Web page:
The article refers to a report from 2013 and its author. The report claimed the e-voting system included lax and inconsistent operational security, insufficient transparency measures for proving an honest count, and a software design that was vulnerable to attack from foreign powers. However, according to the Estonian Electoral Committee representative, they have had no cooperation or contact with the group in question.
Moreover, “The timing is suspicious for us, with it being announced right before the election process begins. We are really happy with constructive criticism, but there is nothing that we see in the report that we already did not know and have been addressing."
E-voting is a secure digital process that has been studied a number of times over the last 15 years.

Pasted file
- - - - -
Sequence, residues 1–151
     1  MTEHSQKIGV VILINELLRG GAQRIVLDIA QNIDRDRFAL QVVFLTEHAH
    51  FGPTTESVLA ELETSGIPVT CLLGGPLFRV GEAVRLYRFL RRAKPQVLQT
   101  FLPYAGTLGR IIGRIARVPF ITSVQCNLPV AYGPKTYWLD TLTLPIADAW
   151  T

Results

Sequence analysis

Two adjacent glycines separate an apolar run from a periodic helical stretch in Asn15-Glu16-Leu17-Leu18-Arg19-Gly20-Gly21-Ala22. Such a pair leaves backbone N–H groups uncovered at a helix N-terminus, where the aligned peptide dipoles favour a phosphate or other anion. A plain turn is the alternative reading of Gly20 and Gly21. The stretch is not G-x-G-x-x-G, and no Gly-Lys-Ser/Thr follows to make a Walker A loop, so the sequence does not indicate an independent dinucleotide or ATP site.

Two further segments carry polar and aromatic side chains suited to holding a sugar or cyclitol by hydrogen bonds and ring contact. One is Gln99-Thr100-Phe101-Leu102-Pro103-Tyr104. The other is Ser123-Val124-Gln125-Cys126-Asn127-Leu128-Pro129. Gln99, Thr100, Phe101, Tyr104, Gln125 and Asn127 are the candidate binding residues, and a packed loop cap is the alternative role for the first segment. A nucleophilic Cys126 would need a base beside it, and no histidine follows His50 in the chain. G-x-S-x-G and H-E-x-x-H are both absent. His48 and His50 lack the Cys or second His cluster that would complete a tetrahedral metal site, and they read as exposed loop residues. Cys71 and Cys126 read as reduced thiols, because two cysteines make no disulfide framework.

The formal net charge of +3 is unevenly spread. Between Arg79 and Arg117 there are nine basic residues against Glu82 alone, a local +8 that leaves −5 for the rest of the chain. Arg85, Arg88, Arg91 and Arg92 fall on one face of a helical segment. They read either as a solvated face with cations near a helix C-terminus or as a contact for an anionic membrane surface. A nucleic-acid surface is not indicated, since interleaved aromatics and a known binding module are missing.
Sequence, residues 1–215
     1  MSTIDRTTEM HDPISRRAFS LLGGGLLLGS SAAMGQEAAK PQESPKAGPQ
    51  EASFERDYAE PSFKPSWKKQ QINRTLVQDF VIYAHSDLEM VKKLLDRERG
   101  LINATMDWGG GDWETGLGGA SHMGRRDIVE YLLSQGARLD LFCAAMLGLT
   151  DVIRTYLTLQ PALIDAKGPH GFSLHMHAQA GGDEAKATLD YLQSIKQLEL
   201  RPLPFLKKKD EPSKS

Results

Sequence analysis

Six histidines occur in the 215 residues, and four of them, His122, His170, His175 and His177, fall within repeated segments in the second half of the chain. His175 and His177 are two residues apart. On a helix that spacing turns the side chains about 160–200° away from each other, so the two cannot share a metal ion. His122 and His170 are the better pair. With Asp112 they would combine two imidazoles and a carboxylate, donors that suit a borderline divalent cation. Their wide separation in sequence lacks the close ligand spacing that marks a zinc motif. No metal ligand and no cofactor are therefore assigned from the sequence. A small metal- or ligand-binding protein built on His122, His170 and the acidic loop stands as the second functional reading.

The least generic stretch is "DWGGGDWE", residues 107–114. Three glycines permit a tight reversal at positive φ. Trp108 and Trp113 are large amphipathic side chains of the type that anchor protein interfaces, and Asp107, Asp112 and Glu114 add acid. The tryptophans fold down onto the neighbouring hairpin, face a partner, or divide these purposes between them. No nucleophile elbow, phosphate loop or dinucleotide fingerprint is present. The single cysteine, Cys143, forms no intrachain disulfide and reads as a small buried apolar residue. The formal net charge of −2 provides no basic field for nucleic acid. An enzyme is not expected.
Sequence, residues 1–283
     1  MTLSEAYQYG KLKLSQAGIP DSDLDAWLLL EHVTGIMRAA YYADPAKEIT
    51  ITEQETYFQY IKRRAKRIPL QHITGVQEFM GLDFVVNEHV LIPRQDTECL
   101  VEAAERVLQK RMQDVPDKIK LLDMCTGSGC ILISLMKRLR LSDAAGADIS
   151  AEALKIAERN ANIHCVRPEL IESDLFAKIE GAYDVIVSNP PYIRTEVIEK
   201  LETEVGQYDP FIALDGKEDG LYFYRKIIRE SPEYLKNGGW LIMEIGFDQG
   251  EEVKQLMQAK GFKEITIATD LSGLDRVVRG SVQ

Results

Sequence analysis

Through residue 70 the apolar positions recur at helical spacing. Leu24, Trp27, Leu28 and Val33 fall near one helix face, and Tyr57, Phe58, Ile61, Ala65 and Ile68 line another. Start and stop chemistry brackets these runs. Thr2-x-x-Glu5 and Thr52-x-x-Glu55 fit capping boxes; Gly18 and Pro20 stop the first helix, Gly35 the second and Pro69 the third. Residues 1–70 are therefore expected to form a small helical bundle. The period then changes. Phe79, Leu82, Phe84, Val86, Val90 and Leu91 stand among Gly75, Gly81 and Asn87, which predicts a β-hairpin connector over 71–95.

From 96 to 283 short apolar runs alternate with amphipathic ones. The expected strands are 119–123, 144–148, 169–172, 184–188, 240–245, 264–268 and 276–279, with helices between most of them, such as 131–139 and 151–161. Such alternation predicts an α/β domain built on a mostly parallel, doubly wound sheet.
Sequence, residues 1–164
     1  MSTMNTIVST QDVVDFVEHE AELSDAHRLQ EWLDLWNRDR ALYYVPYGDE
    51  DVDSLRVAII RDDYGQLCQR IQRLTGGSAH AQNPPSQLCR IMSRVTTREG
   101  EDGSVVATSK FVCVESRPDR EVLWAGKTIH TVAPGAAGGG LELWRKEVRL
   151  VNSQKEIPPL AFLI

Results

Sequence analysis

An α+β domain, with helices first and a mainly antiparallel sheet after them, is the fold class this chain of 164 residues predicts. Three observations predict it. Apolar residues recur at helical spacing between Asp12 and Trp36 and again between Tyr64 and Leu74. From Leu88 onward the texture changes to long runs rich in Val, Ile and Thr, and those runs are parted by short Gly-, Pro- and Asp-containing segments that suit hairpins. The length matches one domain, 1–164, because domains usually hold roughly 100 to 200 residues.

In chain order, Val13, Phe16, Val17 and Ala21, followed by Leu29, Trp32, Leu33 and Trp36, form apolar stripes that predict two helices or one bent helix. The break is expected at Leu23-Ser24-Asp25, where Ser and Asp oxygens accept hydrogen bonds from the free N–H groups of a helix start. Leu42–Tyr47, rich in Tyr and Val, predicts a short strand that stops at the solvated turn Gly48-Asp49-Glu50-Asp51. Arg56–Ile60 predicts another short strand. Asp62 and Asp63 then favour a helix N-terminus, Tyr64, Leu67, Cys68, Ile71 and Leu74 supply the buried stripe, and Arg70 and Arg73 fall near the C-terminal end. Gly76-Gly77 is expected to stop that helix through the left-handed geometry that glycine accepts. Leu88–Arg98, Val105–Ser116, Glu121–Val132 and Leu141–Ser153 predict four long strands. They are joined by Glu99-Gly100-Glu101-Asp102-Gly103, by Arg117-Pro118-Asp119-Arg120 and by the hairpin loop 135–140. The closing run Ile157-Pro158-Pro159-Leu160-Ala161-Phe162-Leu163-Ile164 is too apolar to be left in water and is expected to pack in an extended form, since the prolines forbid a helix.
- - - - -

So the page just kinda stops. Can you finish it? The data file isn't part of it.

There have also been attempts to break it both consciously (when testing the security of the system) and with slightly more malicious intent. There is no record of a single verified incident of anyone having succeeded in changing, erasing or adding an electronic vote in a way not in accordance with the Elections Act and other public rules.
The pro-Kremlin media has also falsely claimed that e-votes are not secret and benefit right-wing parties.